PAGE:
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The Social Determinants of Health
Richard L. Byyny, MD, FACP
Published in The Pharos, Autumn 2012, pages 2-7
The determinants of health that most physicians focus on include biologic factors such as genes, biology, and pathogens, but health and health outcomes are also determined by important social factors. These social determinants include socioeconomic conditions, poverty, quality and level of education, access to employment, social and physical infrastructure, behaviors, social support and norms, public safety, and other factors. I was not taught about the social determinants of health in medical school or residency and rarely read about it in journals or other medical information. However, as I have cared for patients, I have seen the consequences that social factors have for people’s health, quality of life, and longevity.
Recently I have been motivated to learn more about the social determinants of health because of the choices that we in the United States will need to make about controlling the rising costs of medical care and in controlling expenditures by government, businesses, and individuals.
The support and development of modern biomedical science and the translation to health care practice has made an incredible difference for some patients and has transformed what we can do to care for and treat illness and disease. For example, our investment in medical research rapidly resulted in sequencing of the human genome which has helped us understand single gene related diseases and how changes in our DNA increase susceptibility to some diseases. Recently, teams of scientists have reported on how much of our DNA functions to up or down regulate genes and that these genomic switches may help us find the final common pathways in many diseases and illnesses. This is important progress. However, most of the improvements in lifespan, quality of life, infant mortality, and other indicators of public health actually occurred prior to the discovery of the causative factors of diseases and preceded the widespread use of vaccines, antibiotics, and other modern medical treatments.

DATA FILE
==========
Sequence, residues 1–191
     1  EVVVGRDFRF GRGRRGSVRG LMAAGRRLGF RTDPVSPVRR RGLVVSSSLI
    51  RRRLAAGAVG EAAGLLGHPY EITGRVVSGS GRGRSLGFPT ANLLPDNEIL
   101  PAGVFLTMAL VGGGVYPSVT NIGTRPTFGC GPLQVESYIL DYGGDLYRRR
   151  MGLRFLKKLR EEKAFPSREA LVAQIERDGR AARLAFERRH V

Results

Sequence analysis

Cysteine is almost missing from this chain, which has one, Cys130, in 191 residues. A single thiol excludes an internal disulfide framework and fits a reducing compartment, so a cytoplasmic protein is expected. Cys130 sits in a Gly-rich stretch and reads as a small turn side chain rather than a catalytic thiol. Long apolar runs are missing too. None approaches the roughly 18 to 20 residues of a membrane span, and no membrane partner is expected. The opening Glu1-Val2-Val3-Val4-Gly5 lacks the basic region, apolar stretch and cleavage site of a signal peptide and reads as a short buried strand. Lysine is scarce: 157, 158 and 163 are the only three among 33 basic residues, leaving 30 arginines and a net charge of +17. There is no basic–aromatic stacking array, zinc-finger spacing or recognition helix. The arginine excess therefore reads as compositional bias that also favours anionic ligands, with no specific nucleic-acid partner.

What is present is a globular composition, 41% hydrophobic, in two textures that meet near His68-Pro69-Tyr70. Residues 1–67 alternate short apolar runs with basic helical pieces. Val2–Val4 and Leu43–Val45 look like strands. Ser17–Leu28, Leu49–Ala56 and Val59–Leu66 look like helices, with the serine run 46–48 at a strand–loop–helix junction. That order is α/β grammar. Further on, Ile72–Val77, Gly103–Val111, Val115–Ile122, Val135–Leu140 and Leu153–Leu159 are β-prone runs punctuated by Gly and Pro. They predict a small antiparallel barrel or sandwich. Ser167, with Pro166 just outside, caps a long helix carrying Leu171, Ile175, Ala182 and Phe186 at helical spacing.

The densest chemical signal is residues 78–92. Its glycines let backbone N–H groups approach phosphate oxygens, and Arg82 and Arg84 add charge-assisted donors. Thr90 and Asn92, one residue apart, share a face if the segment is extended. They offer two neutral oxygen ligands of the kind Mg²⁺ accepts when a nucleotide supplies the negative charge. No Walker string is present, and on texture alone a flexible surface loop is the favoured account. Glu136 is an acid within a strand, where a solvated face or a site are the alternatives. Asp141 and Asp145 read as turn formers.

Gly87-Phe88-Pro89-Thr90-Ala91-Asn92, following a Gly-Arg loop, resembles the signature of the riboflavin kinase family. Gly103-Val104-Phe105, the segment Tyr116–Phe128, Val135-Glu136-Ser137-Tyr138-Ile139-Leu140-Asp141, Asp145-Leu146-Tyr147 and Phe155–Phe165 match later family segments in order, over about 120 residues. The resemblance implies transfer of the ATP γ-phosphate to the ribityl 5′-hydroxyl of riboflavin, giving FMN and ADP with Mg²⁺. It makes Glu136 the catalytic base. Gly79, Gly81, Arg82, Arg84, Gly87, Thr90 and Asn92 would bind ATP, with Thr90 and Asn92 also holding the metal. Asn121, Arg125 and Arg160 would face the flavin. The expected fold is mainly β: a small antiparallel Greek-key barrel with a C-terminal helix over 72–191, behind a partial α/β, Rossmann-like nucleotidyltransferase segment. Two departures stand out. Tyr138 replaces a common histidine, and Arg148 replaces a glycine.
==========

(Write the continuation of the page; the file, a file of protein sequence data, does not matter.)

We have learned that health is dramatically influenced by physical and social factors in our environment, and these social determinants of health markedly influence individual and population differences in health and health outcomes. It has been estimated that only about five years of the almost thirty years of increase in life expectancy in the United States has been due to preventive and therapeutic medicine. Approximately eighty percent of improvement in life expectancy and health outcomes has been attributed to improvements in the social determinants of health, including income, sanitation, nutrition, education, and general conditions of life. Important examples of health outcomes affected by social determinants include: infant mortality, lifetime risk of maternal death, life expectancy at birth, prevalence of long-term disabilities, quality-of-life years, and others.